I dreamed of Tesla

Last night I had a dream.  In an ancient port city I stood on a boardwalk of stone, looking out across the ocean in the fading, rusty light of day.  Flying low across the water at high speed was an ultra-light aircraft with what appeared to be clipped wings.  The fuselage was angular with a wide, sloped wind shield.  As it approached I braced myself, expecting exhaust, jet engine cacophany and draft.  The craft came to a quick halt mere feet from where I stood, without a sound.  Of course, I realized in hindsight.  It’s electric.  It’s noiseless.  Elon himself stepped out of the two-seater and was greeted by a businessman, right there near the beach of this ancient town with stone battlements.  They walked off, not giving me the time of day.  Figures.  For them it was just another day in Tesla world.  

The Nikola Tesla Museum

Tesla has been on my mind, the original Nikola Tesla.  I’ve known his name since my electrical engineering classes in college, long before the name Tesla had its contemporary commercial connotation.  Thus, when we found ourselves planning our day in Belgrade, Serbia, visiting Tesla’s house museum was our first priority.  Indeed, I booked our Airbnb in close proximity to ensure our pilgrimage would be as seamless as possible.  That trip was two years ago, the same year Graham Moore published The Last Days of Night.  Replete with intrigue, deception and financial high stakes, with a gentle romance thrown in, this historical fiction greatly illuminated my understanding of Tesla and his contemporaries, Edison and Westinghouse.  Having just finished the book, my thoughts are filled with Gilded Age inventions and images of a man passionate about his creations.  And there were many, some of which are on display in Belgrade.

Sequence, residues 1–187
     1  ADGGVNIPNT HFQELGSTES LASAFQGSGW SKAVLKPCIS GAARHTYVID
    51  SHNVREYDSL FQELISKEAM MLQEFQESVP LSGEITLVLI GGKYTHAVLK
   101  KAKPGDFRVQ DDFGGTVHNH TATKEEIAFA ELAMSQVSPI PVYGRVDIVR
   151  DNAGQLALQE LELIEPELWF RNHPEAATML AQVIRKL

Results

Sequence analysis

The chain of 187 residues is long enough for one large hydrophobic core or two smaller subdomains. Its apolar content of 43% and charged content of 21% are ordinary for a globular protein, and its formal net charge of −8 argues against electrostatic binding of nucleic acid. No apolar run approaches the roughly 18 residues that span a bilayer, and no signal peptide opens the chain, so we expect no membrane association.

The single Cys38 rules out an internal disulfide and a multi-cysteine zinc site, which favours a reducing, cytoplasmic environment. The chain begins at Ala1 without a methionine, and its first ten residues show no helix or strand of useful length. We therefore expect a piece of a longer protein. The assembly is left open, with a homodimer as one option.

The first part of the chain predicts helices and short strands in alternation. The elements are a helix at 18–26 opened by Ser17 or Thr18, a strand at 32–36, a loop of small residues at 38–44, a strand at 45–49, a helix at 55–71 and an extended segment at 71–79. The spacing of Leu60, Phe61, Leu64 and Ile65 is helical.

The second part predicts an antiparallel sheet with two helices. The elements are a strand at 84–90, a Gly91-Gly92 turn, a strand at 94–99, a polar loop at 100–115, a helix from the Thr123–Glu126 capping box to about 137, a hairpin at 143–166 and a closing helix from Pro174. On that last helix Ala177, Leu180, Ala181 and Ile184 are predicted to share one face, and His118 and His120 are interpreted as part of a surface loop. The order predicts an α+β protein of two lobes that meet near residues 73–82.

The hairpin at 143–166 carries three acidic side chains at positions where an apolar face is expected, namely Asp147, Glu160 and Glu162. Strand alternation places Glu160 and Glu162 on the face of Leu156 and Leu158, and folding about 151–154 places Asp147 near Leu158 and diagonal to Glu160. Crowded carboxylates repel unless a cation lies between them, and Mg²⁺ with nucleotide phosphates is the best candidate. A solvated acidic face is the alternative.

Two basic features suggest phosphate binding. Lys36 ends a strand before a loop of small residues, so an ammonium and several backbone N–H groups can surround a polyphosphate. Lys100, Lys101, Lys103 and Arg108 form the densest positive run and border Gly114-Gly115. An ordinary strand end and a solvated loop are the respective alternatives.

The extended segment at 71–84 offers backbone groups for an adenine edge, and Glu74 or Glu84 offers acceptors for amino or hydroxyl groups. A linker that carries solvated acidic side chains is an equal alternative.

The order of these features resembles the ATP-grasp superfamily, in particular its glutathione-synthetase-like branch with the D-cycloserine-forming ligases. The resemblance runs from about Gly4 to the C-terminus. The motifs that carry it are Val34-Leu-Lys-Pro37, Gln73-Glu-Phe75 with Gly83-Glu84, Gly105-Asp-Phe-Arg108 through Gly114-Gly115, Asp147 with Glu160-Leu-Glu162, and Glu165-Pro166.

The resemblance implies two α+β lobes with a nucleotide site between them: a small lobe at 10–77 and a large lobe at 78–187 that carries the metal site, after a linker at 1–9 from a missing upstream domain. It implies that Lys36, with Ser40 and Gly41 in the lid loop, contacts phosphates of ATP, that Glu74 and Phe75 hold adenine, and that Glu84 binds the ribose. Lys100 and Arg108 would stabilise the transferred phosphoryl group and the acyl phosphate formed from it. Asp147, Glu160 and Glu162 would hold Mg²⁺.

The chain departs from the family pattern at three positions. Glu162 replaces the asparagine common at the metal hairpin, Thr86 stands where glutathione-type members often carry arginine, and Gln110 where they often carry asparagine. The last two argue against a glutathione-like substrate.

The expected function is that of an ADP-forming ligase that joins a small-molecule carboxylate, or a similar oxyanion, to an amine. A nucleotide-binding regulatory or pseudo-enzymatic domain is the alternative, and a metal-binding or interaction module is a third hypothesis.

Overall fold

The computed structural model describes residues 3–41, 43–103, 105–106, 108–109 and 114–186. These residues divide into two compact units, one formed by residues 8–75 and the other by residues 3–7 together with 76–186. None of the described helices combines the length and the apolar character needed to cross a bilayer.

Tesla invented alternating current (A/C), laying the foundation for the second industrial revolution.  According to Moore’s portrayal, Tesla was not happy unless he was tinkering.  His tinkerings led to the invention of radio transmission, ship propulsion and radar, to name a paltry few.  The musings of his mind translated into practical innovations that touch every aspect of our daily lives, whether you live in urban Chicago or rural Mongolia.  At the time of his inventions, his ideas seemed like science fiction, laughably absurd.  But he lived to see their positive impact on people’s daily lives. There’s a very good reason Musk chose Tesla as his company’s moniker.  With his mind always set on future scientific innovations, Tesla would most certainly not be shocked to see a man hover up in an electric flying machine, step out in a business suit, and go on his merry way.

From The Last Days of Night:

Paul took a hesitant step into the black room.  Tesla’s laboratory could contain quite literally anything.  This was not a place one wanted to wander blind.

“Nikola?  Is there a light in here?”

There were a few more creaks in the distance before Paul heard Tesla’s nasal voice.

“I shall not illuminate you with mere light, Mr. Paul Cravath.  I shall instead do so by electrical storm.”

Suddenly the heaves themselves split open and a divine lightning cleaved the room.  Or so it seemed to Paul as he employed his coat sleeve to shield his eyes.  He shut them to find scars of bright reds and purples imprinted on his vision.

A horrible noise accompanied the display.  A spitting and sizzling violently loud; it was as if the air were being ripped apart by elemental forces. (125)



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